What comes next

Yesterday, the world changed.

In the midst of our continuously chaotic news cycle, word arrived that world wide web inventor and engineer Tim Berners-Lee had officially launched Solid (an open source project) and Inrupt (his new company w/co founder John Bruce).

Part of what makes the announcement significant is how intensely data privacy has been churning the internet and mobile web over the last year.

Google and Apple are reacting to newly enacted GDPR standards, Facebook is radically reshaping their developer ecosystem/platform due to a series of major data breaches, Twitter continues to struggle with bots, trolls, and doxxing, and LinkedIn has quietly been growing and likely hoping no one notices it was built on the same ground as its competitors.

Those changes are happening in a series of interconnected ecosystems collectively worth hundreds of billions of dollars…and the how, when, and where of data use underpins all of it.

But to understand why something like Solid is important, you have to first understand a picture that’s much bigger than the walled off gardens of each tech giant.

For over a decade, Berners-Lee has talked about the promise of the early web, and how our current set of technologies failed in executing that vision. Instead of a “one-way pipeline” where people are consumers, the intention is for Solid to foster a “read-write web where users can interact and innovate, collaborate and share.”

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Telling one story a day about the people who use what you create

Building a company from scratch is exhausting. 

Entrepreneurs need various kinds of support to stay afloat —understanding friends and family, tough advisers / mentors, a good reading list to encourage contemplation, these are all important.

But the best source of support is the people actually using what you build. Their stories are the ones that open up your world when you’re thinking too narrowly, and provide inspiration to keep going. While solving a problem for one person typically doesn’t justify a stable small business or a rapidly growing startup, it’s the starting point for everything else. 

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How I think about balance as an entrepreneur

There are a lot of ways to break a startup.

An incomplete list of things that can (and often do) destroy them includes:

  • Inability to balance long term growth of a company / product / culture against day to day choices
  • Uncertainty around what’s worth measuring and what’s extra noise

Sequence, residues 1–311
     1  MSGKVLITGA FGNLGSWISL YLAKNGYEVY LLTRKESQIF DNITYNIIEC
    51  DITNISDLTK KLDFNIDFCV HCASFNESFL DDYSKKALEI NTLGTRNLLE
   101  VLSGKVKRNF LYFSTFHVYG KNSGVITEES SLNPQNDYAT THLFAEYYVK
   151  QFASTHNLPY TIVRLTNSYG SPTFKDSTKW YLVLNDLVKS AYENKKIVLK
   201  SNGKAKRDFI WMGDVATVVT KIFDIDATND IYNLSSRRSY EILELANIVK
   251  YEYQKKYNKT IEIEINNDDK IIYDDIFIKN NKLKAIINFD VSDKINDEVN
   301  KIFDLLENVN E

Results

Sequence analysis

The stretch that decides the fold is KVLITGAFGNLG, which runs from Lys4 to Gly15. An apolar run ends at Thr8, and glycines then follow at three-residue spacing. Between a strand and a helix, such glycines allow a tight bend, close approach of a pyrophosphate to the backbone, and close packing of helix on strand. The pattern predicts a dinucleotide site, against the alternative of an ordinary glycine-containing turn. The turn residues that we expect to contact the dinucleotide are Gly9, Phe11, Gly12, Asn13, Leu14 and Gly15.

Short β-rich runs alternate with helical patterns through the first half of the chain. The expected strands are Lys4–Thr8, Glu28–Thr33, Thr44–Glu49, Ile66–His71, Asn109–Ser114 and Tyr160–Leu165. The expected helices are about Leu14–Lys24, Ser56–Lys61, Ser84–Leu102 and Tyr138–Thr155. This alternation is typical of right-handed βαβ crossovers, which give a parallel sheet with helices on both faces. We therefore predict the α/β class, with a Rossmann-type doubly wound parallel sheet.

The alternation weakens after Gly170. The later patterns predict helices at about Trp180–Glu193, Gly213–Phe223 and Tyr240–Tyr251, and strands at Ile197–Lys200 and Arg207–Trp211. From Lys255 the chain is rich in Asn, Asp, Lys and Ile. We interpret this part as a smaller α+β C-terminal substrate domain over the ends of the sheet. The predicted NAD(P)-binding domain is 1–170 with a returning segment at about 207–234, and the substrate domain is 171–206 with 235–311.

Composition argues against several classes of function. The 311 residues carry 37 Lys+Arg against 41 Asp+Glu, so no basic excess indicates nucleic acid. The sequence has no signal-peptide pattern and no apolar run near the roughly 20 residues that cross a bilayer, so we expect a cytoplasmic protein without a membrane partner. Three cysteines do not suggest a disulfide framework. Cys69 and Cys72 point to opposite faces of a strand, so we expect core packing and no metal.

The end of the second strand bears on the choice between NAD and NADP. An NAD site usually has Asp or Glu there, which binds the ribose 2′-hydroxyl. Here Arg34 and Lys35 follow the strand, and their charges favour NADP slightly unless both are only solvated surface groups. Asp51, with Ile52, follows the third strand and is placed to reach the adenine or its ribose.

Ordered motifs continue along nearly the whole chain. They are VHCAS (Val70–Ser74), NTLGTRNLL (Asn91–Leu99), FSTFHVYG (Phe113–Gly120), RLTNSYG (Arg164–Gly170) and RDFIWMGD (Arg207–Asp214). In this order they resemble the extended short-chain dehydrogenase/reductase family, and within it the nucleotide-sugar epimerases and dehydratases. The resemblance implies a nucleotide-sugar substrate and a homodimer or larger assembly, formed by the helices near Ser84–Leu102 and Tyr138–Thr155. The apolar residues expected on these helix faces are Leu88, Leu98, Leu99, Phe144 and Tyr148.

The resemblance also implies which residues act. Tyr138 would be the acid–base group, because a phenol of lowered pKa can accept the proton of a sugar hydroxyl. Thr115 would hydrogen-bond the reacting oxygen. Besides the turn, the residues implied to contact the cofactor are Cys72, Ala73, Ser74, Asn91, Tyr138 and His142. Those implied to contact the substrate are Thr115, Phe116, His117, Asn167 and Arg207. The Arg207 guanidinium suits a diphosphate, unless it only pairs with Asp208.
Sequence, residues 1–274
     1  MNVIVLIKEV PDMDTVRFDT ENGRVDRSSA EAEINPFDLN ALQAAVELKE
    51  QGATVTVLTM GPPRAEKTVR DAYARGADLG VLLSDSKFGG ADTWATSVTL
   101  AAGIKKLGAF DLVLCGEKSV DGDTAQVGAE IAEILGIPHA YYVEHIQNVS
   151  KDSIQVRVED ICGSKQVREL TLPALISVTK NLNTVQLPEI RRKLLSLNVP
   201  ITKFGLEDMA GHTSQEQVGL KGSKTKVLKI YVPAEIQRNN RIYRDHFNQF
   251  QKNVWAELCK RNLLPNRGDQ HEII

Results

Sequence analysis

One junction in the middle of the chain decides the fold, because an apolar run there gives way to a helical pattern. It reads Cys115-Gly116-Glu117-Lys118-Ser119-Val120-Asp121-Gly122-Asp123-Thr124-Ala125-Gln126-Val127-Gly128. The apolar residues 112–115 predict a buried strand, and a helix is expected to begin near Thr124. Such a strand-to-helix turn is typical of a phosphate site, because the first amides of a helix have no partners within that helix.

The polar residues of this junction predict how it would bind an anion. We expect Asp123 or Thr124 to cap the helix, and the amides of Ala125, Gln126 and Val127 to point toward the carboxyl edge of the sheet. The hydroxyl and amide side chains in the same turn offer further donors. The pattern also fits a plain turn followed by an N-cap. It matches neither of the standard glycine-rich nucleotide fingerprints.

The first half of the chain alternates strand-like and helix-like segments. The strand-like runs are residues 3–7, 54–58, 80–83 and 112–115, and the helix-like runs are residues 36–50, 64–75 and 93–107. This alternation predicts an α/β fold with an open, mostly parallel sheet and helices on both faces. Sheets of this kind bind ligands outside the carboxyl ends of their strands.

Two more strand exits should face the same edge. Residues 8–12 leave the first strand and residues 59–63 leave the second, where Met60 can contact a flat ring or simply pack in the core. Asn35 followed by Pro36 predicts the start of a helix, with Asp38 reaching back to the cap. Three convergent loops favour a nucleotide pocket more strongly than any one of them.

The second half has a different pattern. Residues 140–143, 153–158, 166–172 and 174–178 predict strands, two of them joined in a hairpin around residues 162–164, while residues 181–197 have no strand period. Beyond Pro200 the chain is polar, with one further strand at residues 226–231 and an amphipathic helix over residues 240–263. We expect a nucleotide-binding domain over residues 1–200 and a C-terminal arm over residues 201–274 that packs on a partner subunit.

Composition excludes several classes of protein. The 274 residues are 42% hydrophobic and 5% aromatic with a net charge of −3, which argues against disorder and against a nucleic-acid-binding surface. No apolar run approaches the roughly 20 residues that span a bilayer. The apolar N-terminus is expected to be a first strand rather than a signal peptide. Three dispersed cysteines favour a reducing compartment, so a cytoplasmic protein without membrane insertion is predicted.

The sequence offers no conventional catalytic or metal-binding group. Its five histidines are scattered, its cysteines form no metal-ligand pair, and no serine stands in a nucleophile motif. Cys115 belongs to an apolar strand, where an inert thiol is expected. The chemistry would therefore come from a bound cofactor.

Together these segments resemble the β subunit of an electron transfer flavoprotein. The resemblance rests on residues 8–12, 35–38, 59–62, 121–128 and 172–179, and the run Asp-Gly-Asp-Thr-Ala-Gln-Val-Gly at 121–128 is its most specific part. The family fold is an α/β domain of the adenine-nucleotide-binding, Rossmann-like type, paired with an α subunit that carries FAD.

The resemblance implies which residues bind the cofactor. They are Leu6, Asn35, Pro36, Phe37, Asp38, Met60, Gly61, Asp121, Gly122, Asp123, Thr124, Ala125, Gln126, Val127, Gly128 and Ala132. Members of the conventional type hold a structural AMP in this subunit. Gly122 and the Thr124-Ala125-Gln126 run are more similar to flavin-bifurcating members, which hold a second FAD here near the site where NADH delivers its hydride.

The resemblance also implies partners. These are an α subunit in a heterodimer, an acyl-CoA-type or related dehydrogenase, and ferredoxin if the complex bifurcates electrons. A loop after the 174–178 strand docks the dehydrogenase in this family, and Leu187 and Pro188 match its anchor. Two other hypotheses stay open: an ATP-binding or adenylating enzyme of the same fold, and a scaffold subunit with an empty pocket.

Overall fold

• Failing to minimize the biggest risk(s)
  • Accounting for the needs and anxieties of your investors and key partners vs. what’s important to your users and/or customers

In a recent episode of the Reboot Podcast, Fred Wilson reflected on the early days of founding a venture capital firm, and talked with his then co-founder Jerry Colonna about the heart wrenching process of being on the board of Star Media, which at one point had a $2 billion market cap before eventually going bankrupt. In particular, he talked about support he received as well as times when he wishes he’d provided more direct support to the companies he invested in. 

“…when you watch a company of 500 or 1000 people go bankrupt, it was like we did not live up to our duty and obligation as a board…we knew the founders were in over their heads, and we knew they weren't really running the company properly. And we should have stepped in and done something about it and we didn’t until it was too late.”

Things look a bit different for entrepreneurs now compared to when Fred and Jerry started Flatiron Partners in 1996. If you start a company in 2015 you can find almost any information you need via a combination of YouTube, blogs, and simply punching some phrases into a search engine. Paperwork to incorporate, advice on dividing equity, and other basic structures are all easily accessible on the web. 

If it’s easy to find information, why do so many startups fail? 

Entrepreneurs and investors often point to growth as the number one characteristic of the health of a startup. Paul Graham’s essay on startup growth is frequently cited in blog posts, and has been rehashed by a range of people across the startup ecosystem. 

But how many companies that went through rapid growth and led to an IPO or acquisition are still around 10–15 years on? Making significant revenue? Continuing to add value and/or meaning to their customers’ lives? 

I don’t know the answer to these questions. But I do know growth alone isn’t enough. It must have purpose, and that purpose must be long term. Andy Baio’s painfully honest description of the fall of Upcoming.org is a too common story for startups, especially those where community is a critical building block. 

In the early stages of a startup there’s no clear path, and it takes guts, grit, and heart to build something quickly. You have to get used to pulling in as much information as possible, and still not knowing if you’re making the right decision. In that environment, balance becomes critical — both for the health of the company, and of the founders and first employees. 

Here are a few things I think about regularly when it comes to balance… 

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